Sunday, May 3, 2015

Lora Szafran – Spiewnik Nahornego (2003)

Lora Szafran

Lora Szafran - vocals
Włodzimierz Nahorny - piano
Mariusz Bogdanowicz - bass
Piotr Biskupski - drums

Spiewnik Nahornego

CONFITEOR 004



By Adam Baruch

Polish Jazz vocalist Lora Szafran is active on the local scene since the mid 1980s, when she graduated from the Katowice Music Academy. She sings Jazz but is also active on the mainstream Polish popular music market. This is her sixth album as a leader and it is dedicated to songs composed by the legendary Polish Jazz pianist/saxophonist/composer Włodzimierz Nahorny, who is also known as the author of popular evergreens. The album includes twelve songs composed by Nahorny, with lyrics (in Polish) by some of top Polish lyricists. Szafran is accompanied by a trio which includes Nahorny on piano with bassist Mariusz Bogdanowicz and drummer Piotr Biskupski and a string sextet, with string arrangements by Andrzej Jagodziński and Krzysztof Herdzin.

The album is kept in the classic mainstream Jazz tradition, performed spotlessly and with flair by all participants. Nahorny's music is timeless and remains fresh and beautiful in complete disregard of passing fads and fashions. His compositions are as good as any American standards. The intelligent lyrics are a painful remainder that song's lyrics are supposed to tell a story in an intelligent way, as they do here in complete contrast to today's monstrosities called songs.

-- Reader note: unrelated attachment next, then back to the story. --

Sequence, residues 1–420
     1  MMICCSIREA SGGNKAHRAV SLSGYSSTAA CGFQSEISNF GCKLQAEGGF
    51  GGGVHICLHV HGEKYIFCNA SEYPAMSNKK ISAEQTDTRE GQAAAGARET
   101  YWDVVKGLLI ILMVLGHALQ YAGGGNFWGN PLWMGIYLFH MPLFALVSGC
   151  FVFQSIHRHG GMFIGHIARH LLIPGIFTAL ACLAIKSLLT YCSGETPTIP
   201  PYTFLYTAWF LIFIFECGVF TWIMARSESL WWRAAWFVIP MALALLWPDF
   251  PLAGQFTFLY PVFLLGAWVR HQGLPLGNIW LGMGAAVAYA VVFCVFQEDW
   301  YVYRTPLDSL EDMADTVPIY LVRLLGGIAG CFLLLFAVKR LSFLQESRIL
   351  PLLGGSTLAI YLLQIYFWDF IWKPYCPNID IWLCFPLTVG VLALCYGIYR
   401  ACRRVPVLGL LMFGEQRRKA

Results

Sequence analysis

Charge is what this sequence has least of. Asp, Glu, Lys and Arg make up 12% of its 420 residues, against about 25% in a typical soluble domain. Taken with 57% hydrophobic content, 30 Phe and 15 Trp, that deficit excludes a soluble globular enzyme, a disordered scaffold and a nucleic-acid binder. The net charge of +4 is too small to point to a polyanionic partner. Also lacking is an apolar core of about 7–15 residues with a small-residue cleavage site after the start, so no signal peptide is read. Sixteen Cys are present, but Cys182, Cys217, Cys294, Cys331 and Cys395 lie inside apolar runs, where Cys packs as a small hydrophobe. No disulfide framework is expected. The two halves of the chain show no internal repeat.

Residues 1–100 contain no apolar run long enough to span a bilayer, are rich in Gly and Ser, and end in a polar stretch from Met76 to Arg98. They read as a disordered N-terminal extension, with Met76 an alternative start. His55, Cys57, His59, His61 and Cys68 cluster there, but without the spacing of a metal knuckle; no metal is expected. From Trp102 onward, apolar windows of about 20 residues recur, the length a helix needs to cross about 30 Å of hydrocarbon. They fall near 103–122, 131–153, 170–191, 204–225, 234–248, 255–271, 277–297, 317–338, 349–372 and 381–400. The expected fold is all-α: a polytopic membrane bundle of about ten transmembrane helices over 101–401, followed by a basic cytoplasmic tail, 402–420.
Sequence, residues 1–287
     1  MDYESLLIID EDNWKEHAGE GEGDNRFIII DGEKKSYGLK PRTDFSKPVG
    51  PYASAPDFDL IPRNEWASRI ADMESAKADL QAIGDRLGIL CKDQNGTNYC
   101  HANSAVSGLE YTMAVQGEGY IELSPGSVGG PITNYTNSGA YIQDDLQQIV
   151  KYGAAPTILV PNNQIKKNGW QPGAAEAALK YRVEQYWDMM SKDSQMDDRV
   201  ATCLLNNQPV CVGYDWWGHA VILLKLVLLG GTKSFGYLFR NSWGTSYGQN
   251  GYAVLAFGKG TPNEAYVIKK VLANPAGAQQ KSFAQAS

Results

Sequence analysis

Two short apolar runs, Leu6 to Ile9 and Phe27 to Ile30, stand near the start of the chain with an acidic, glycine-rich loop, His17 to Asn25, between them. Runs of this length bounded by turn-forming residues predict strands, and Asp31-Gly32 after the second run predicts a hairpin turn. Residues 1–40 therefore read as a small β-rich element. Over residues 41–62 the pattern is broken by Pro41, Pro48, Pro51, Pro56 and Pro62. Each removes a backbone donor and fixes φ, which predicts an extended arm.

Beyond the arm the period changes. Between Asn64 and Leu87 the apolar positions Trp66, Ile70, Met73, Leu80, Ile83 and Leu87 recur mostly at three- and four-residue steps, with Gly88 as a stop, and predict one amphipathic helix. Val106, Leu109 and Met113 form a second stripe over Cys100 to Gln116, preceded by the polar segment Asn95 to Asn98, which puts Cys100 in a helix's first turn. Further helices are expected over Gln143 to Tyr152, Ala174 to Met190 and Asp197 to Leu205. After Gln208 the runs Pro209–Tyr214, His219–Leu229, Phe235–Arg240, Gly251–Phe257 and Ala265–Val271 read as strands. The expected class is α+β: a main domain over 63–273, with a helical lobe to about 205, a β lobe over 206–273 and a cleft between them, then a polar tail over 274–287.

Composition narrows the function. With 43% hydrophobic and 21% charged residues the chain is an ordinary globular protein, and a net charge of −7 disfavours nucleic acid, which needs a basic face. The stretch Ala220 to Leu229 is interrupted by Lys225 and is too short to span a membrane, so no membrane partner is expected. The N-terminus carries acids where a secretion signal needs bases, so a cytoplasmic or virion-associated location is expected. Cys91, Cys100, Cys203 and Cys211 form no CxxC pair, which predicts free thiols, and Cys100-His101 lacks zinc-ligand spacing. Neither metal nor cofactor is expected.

Szafran sings perfectly and superbly, with her charming mannerisms and vocal tricks, which she manages to use as effectively as always. She is able to pronounce every word clearly and accurately, with feeling and obvious sentiment to the context, an art that seems to be lost completely these days. Her warm and round voice and professional finesse are irresistible. The interplay between her and the trio is always impeccable, which turns the entire recording into a musical love affair. Nahorny and the rhythm section are of course a living example of knights in shining armor.

This is an "old fashioned" album, but in spite of that often misused classification it sounds fresh and alive in spite of its delicacy, fragility and sophistication. I must be old fashioned myself, as this stuff simply melts my heart.

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